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November 17, 2003 // UPDATED 11:07 am - April 30, 2007
By: Kinda Koutsky
Kinda Koutsky

'Seated Man II' by Viola Frey Dain Rauscher Plaza, South 5th Street and NIcollet Mall

Fine arts careers are seldom launched amid prize-winning vegetables, tractor displays and pieced quilts. Yet the earliest known exhibited works of internationally acclaimed sculptor Viola Frey were shown at the California State Fair in the early 1960s.

Born in 1933 on a vineyard in the Northern California town of Lodi, Frey always knew she wanted to be an artist. As a child, she entered and won a competition at the Sacramento library with a drawing she copied from a Matisse painting. Although she loved his work, she realized at a young age that to be a true artist, she must create work that was uniquely hers. In college, she studied at California College of Arts and Crafts with painter Richard Deibenkorn. After a stint in New York, she returned to her home state of California, where she has lived since.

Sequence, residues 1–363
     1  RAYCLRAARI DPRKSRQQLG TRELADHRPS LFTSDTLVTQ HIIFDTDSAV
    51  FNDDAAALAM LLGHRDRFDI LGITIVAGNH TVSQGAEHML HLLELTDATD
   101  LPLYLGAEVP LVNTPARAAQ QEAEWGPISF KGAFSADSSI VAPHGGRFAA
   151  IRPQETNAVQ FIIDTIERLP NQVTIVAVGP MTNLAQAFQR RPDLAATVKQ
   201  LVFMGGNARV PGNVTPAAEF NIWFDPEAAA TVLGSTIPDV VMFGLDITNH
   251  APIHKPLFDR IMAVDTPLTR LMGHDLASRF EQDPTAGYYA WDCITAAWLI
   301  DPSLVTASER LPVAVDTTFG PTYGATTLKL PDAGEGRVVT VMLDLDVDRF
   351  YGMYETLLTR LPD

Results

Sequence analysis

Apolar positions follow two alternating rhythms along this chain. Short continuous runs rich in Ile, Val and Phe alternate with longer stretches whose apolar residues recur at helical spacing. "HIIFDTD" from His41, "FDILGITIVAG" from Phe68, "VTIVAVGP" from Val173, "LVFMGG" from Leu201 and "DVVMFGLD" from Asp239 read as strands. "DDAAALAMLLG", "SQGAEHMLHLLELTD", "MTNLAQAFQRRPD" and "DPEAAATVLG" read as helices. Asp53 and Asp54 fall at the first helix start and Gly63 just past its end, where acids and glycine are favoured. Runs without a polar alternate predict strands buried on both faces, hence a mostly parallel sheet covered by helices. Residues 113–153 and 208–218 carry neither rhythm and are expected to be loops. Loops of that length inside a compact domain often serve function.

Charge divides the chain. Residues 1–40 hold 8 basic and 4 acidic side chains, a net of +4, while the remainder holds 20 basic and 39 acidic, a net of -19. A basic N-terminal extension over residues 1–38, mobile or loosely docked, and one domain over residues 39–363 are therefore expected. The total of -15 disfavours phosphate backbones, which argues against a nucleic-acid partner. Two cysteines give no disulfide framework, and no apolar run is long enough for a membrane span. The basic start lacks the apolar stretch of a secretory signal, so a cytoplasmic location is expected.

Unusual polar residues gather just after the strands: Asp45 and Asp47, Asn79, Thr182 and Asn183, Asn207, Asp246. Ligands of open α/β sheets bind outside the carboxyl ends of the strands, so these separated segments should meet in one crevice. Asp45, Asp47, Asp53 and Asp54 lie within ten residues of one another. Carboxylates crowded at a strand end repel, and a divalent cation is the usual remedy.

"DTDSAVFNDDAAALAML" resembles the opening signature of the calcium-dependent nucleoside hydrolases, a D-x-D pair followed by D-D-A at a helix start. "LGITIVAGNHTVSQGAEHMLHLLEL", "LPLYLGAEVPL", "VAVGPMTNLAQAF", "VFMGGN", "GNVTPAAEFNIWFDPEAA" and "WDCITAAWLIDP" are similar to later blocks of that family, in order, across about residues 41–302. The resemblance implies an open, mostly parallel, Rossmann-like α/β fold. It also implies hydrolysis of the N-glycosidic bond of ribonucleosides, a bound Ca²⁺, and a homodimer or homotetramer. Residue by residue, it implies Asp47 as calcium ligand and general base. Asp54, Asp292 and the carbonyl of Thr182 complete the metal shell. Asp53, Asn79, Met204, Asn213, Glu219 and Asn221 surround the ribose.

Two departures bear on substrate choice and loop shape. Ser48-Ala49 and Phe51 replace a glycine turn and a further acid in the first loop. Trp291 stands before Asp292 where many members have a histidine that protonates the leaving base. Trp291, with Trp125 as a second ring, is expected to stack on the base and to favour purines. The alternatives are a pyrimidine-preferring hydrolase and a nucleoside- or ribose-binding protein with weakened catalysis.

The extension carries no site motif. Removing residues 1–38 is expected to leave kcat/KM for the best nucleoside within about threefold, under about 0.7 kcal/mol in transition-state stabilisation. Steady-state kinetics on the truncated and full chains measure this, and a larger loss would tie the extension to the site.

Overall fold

Frey's ceramics are not the usual decorative urns or pedestal pieces. Her towering figures are fired in many sections and when bolted together, often reaching over 8 feet tall. "Seated Man II" is one of her signature portraits of a man in a suit. The larger-than-life figure represents corporate America, while also depicting a humble worker. He sits on the floor coated in an expressionist explosion of color.

Frey's monumental sculptures have been shown in numerous exhibits, including the Smithsonian, American Craft Museum and the Whitney Museum of American Art. Among her many honors, Frey has received two National Endowment for the Arts fellowships -- which, in the fine arts world, are the big "blue ribbons."